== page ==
By Kent Thiesse
Farm operators in many portions of the Midwest will likely not be able to plant a portion of their 2019 corn and soybeans crops by the crop insurance final planting dates. Their prevented planting decisions became more difficult following the USDA announcement regarding potential 2019 market facilitation program payments.
On May 23, USDA announced preliminary details for $14.5 billion in 2019 MFP payments that could potentially be made to producers. The MFP payments will again be administered through Farm Service Agency offices. Following is a brief summary of the 2019 MFP payment details:
The concern for farmers with planting delays is the requirement that crops must be planted in order to be eligible for 2019 MFP payments on those acres; however, it does not specify what crop must be planted. Once a producer plants any crop on the unplanted crop acres, those acres will lose the opportunity for prevented planting crop insurance payments in 2019. For most Midwest farmers, this means a choice of planting very late planted corn or late-planted soybeans on those acres, in order to maintain eligibility for potential MFP payments.
Once the crop insurance final planting date for corn or soybeans has been reached, farm operators can opt to take the prevented planting insurance coverage rather than planting the crop. A large majority of producers in the Upper Midwest carry revenue protection crop insurance with prevented planting coverage on their corn and soybeans. If they choose the prevented planting coverage, they will receive 55 percent of their original crop insurance guarantee for corn and 60 percent for soybeans on a specific farm unit.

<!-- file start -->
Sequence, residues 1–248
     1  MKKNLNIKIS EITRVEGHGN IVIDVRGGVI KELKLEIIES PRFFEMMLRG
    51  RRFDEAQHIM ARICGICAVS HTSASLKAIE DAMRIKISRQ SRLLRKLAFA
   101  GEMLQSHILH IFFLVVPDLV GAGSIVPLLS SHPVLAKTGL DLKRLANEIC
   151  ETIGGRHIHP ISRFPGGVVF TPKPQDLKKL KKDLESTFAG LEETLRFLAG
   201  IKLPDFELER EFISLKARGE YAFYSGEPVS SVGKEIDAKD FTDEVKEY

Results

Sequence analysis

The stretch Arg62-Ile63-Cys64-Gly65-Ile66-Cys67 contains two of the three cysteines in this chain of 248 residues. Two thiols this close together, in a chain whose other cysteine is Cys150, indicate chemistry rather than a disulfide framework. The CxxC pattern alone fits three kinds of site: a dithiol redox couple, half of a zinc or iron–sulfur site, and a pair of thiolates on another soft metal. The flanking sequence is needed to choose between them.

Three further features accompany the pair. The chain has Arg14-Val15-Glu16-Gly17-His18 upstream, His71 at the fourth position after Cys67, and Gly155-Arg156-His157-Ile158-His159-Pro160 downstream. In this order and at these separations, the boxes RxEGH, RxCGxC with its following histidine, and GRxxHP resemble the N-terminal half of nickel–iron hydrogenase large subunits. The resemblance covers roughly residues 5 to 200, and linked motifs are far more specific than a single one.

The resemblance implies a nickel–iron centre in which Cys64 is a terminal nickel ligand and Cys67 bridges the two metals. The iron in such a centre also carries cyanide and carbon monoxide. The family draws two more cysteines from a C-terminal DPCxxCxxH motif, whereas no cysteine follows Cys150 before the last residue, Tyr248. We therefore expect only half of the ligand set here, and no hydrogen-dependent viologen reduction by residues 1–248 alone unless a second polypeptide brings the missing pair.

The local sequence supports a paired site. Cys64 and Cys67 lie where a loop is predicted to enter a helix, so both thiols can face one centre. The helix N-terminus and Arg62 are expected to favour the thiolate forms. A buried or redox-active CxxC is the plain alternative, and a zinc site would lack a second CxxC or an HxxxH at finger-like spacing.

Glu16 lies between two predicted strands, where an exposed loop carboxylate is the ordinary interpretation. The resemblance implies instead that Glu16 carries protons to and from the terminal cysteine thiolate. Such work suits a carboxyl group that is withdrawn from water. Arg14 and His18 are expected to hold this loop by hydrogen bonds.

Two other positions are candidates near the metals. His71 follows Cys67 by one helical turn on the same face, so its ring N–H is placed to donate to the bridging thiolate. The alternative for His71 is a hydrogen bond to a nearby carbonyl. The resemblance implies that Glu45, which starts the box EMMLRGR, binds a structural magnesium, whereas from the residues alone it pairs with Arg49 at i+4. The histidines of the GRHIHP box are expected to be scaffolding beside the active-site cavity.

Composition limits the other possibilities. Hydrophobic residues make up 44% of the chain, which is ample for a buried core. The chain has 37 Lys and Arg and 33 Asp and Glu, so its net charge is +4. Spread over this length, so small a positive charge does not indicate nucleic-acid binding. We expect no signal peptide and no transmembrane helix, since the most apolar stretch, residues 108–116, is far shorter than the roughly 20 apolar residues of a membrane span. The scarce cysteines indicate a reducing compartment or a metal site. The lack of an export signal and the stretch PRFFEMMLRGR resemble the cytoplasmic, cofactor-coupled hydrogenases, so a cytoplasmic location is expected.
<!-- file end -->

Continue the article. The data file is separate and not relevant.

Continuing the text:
One alternative is to plant the original crop during the 25-day late planting period. Following the final planting date for a crop, there is a reduction of one percent per day in the crop insurance guarantee (from the maximum guarantee) for that crop. For example, corn in southern Minnesota planted on June 10 would have a crop insurance guarantee that is 90 percent of the original maximum guarantee.
The other alternative would be to plant another crop on those acres after the final planting date. For example, soybeans could be planted on intended corn acres after May 31. In that case, there would be no prevented planting coverage payment eligibility for the corn acres, and the soybeans would be treated as insurable soybean acres.
Following are the final planting dates for corn and soybeans at various locations:
Many farm operators are already dealing with the stress of likely yield reductions from delayed or prevented planting, as well as very tight profit margins for the current year. The 2019 MFP factor adds even more stress to making a decision on whether or not to opt for prevented planting this year.
They must now also consider the economics of possibly receiving 2019 MFP payments (estimates and formula for which is still unknown), versus the known payment amount of their prevented planting crop insurance coverage. If they choose to plant a crop very late to protect the MFP payments, knowing they will get reduced yields, they will lose the prevented planting protection.
Farm operators that are facing prevented planting decisions should contact their crop insurance agent for details and information. I have prepared an information sheet titled: “Late and Prevented Planting Options for 2019”, which contains details on prevented planting requirements and considerations. Email me to receive a copy.
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